Sometimes you find an album that unexpectedly saves your soul. At a time when the news is oppressive and mostly bad, when panic attacks feel like they are constantly waiting, David Grey’s gentle voice and the soothing soundscape of Gold In A Brass Age are a cocoon, a safe space to breathe inside of.
Lead single, “The Sapling” is a meditative reflection on the passing of time, bolstered in the chorus with gospel voices to lift it out of the realm of too slow. The sound pallet for this album is immense and expansive, but never suffers from the aimless wandering that plagues many artists working in this same genre.
In a Cocteau Twins-esque turn, the synthetic bounce that underpins the title track steals the show, deceptively complex and crafted in such a way that it feels as though it’s bouncing back and forth between your ears. It’s so layered that it actually distracts from Gray’s singing, which, while pleasant, never quite finds the same hook.
The songs blend into each other gorgeously; this is both an advantage and a disadvantage. Sometimes they blend a little too well and get lost. A song like “It’s Late” is lovely when you go straight to it, but sandwiched between the hard-block patter of “Ridiculous Heart” and the ‘80s swoon of “A Tight Ship,” it’s easy to breeze through without really hearing.
Similarly, “Watching the Waves” is the album’s only real drag. It never quite picks up to anything. A lovely piece of poetry that lacks enough of a concrete melody to make it stand out. It’s a shame, because “I took that ghost for my bride” is a great lyric and deserves a whole song built around just that image.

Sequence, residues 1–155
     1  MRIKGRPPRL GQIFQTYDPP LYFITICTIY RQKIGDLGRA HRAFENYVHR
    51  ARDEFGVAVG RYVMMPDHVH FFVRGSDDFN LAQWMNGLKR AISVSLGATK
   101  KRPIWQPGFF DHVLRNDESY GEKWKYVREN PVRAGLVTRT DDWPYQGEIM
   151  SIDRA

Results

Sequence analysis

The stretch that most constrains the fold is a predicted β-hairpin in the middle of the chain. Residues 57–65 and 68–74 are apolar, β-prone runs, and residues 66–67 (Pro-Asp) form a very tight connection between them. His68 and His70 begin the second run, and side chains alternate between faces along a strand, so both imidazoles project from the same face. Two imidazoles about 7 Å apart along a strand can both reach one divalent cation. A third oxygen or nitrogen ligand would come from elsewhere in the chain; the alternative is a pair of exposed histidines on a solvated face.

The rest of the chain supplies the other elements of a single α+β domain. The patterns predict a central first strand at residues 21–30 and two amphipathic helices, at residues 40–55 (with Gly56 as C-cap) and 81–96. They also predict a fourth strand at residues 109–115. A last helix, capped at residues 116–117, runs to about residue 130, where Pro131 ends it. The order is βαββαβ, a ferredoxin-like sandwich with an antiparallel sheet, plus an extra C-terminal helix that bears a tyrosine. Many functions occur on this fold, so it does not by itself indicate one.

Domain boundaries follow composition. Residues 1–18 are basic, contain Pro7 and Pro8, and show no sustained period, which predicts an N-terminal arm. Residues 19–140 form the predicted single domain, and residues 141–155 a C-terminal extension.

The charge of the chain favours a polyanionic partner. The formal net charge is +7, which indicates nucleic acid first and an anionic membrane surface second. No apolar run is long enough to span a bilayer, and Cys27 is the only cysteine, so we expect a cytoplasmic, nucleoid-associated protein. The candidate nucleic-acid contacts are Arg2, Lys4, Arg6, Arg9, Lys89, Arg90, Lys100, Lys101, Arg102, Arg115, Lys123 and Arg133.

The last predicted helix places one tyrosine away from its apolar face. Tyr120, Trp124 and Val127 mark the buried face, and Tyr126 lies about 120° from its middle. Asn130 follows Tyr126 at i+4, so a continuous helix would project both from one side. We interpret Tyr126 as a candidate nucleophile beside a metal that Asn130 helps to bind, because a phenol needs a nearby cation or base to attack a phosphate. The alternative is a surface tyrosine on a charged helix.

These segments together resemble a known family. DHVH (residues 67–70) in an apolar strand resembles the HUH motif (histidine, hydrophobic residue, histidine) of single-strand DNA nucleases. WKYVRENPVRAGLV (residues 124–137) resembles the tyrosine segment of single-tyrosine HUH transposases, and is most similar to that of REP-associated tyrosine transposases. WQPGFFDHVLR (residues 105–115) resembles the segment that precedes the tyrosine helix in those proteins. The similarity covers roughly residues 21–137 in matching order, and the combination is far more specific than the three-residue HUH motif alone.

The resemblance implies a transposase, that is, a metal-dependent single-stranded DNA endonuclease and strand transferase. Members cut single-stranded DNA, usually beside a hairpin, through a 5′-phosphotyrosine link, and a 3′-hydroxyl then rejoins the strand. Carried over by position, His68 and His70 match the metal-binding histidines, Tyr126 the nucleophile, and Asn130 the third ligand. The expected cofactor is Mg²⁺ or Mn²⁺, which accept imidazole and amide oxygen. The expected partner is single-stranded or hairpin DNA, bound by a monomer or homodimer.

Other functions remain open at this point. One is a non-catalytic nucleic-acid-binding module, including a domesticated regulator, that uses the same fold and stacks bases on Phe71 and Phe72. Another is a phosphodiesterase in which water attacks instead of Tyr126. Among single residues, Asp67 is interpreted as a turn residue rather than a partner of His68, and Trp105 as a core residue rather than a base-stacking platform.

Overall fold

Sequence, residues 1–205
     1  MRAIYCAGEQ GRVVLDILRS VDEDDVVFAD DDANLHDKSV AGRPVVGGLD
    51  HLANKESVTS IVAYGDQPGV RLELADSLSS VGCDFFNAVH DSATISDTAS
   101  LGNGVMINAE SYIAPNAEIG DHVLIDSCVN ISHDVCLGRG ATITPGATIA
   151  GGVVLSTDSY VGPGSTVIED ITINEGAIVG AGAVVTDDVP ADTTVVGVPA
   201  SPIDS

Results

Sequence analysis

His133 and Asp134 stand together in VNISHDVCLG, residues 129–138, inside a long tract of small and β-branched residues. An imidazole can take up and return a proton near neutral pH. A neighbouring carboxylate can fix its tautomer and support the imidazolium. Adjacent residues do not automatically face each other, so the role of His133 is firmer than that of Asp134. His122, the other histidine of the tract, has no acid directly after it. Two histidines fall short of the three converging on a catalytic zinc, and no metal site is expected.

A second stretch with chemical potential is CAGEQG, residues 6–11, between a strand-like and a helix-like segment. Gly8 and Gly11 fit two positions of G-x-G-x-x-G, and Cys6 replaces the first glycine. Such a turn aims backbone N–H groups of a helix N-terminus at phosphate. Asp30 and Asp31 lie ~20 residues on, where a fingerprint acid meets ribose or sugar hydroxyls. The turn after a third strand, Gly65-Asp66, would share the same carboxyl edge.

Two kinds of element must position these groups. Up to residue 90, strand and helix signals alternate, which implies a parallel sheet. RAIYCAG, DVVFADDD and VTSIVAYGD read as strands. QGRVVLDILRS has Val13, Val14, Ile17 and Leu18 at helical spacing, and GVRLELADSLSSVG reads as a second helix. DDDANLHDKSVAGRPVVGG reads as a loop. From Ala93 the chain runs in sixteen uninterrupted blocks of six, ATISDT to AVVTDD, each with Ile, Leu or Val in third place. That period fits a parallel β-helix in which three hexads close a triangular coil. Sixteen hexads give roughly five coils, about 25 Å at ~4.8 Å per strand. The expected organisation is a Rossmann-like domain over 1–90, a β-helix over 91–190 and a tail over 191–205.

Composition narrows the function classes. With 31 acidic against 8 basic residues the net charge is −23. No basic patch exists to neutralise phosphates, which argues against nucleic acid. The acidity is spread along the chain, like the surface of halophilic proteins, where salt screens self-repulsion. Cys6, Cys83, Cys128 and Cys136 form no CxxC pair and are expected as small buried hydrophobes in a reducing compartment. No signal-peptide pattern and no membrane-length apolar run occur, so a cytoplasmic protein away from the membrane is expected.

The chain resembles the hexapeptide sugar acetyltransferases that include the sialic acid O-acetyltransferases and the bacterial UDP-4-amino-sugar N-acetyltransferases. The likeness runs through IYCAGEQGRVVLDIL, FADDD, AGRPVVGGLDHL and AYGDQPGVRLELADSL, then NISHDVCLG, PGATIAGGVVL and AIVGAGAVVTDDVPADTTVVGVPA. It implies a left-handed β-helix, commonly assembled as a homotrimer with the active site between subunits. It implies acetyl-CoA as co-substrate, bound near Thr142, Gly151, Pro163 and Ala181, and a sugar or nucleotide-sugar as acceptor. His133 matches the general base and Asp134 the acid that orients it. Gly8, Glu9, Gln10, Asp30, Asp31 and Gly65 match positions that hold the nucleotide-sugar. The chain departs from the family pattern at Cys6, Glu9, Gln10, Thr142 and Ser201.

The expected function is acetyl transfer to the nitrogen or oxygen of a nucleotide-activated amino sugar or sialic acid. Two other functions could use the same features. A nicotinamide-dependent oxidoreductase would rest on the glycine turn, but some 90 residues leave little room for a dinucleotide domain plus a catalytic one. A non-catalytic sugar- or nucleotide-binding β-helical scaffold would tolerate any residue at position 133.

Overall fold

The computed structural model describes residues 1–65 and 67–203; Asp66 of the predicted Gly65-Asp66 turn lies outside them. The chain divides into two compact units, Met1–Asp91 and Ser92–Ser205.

Gray has always known how to write a unique love song, and “If 8 Were 9” is another gorgeous entry into his catalogue, full of longing and gossamer, soft-focus fantasy. It needs to be on the soundtrack of a romantic drama ASAP.
Gray has worried about our ever-shuffling world since he hit the scene with “Babylon,” and maybe it’s time we slow down and listen. Atmospheric and evocative, Gold In A Brass Age is as easy an entry point to Gray as it a continuation of an impressive career for already-established fan. It’s an album that demands a listen in full, rather than piecemeal or on shuffle, allowing the whole mood to permeate. It requires a reflective space and, frankly, deserves it.